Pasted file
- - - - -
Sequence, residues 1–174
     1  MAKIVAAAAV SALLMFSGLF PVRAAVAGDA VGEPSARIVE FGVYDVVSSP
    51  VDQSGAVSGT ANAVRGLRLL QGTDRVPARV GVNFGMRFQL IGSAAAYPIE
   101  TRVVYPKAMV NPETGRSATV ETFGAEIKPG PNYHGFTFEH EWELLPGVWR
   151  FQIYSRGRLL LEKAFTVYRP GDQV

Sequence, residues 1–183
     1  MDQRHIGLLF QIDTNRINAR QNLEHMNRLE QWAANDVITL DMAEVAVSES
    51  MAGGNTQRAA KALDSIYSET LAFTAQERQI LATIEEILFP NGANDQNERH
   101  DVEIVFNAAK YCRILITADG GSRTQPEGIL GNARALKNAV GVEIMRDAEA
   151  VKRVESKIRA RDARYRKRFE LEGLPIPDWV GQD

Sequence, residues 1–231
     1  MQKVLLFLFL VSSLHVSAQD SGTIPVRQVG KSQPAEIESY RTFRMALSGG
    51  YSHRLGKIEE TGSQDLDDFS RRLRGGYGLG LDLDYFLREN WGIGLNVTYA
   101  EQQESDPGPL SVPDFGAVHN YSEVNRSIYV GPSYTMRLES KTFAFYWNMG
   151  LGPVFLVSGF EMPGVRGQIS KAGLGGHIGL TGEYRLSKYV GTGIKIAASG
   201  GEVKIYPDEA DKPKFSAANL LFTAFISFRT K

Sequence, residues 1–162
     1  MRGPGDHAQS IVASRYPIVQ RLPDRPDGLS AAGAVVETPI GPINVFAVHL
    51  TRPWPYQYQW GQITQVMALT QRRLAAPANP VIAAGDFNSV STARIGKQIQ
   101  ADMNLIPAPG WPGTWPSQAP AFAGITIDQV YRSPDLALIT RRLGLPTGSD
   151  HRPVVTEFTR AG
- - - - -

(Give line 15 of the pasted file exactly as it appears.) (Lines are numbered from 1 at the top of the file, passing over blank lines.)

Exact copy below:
   151  LGPVFLVSGF EMPGVRGQIS KAGLGGHIGL TGEYRLSKYV GTGIKIAASG